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Cyber security – reducing risks and making resolutions for 2015

16/12/2014 by Sharon Shahzad


Cyber security and the process of ensuring the integrity and confidentiality of vital data is a business activity that, like big data analytics, has taken on a whole new meaning for modern businesses in 2014. As the recent hack on Sony Pictures shows, attacks, hacks, threats and viruses are more sophisticated than ever before. They also require greater resources and more focused and agile response plans to guard businesses against them. Despite this, over a fifth of firms in the UK still admit they are unprepared.

Trustwaves latest 'state of risk' report said 21% of organisations either do not have a sufficient incident response procedure in place or do not test them even if they do. This negligence is compounded by the fact that the majority also do not have any policy regarding the 'bring your own device' trend. According to mobile-app security solutions provider Checkmarx, “mobile apps serve as a portal to your business' system as well as your customers' phones." It is vitally important that technical and policy controls are implemented to govern this activity so business and customer data and your reputation are not put at risk.

A further study by Ponemon Institute identifies a disconnection between the sheer scale of cyber risks that are being acknowledged by businesses and their efforts to procure a solution. While threats expand exponentially, few organisations have noted an improved security posture in combating hacks and attacks in the last 12 months. In fact, a third say they are becoming less effective. This is due to a scarcity of in-house employees with security expertise, which is hindering their efforts to identify and contain malicious traffic on networks.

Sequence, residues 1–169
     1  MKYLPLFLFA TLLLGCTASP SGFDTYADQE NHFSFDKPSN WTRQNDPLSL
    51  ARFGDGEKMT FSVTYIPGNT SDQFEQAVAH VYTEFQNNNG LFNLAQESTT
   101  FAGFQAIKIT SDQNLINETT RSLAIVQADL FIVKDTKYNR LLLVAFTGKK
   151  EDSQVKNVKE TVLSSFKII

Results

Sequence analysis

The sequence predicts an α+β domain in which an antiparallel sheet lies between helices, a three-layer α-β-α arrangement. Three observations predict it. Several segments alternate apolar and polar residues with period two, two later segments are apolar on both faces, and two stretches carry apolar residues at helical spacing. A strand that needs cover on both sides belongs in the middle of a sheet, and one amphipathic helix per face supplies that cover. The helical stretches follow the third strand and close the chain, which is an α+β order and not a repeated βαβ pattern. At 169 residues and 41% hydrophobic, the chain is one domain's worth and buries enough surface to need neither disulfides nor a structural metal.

With 2015 on the horizon, all businesses should be making cyber security resolutions for the next 12 months. Cybercriminals are targeting businesses of all sizes in every sector. If you are a small or medium sized firm it can be difficult to mobilise resources and recover from the impact of a breach. In fact, Experian has found that over half of SMEs shut down just six months after suffering a cyber attack. With this in mind, businesses should be testing their security systems, securing their mobile apps, checking third-party vendor vulnerabilities, investing in the right technology, improving passwords and budgeting for all these aspects accordingly.

Trustwave Vice President Michael Aminzade concludes: “Business must look at security as a business-as-usual imperative. Understanding their risk level is the first step. By identifying their largest security shortfalls and rectifying them, businesses can stay ahead of the criminals and decrease their risk of getting breached."

This article is written by Jack Skinner - Consultant - Cyber Security, if you have any questions or would like a detailed discussion about your recruitment requirements for 2015, please contact Jack on: +44 (0)20 7014 0230 or send an email to

Montash is a multi-award winning global technology recruitment business. Specialising in permanent and contract positions across mid-senior appointments across a wide range of industry sectors and IT functions, including:

ERP, BI & Data, Information Security, IT Architecture & Strategy, Energy Technology, Demand IT and Business Engagement, Digital and E-commerce, Leadership Talent, Infrastructure and Service Delivery, Project and Programme Delivery.

Montash is headquartered in Old Street, London, in the heart of the technology hub. Montash has completed assignments in over 30 countries and has appointed technical professionals from board level to senior and mid management in permanent and contract roles.

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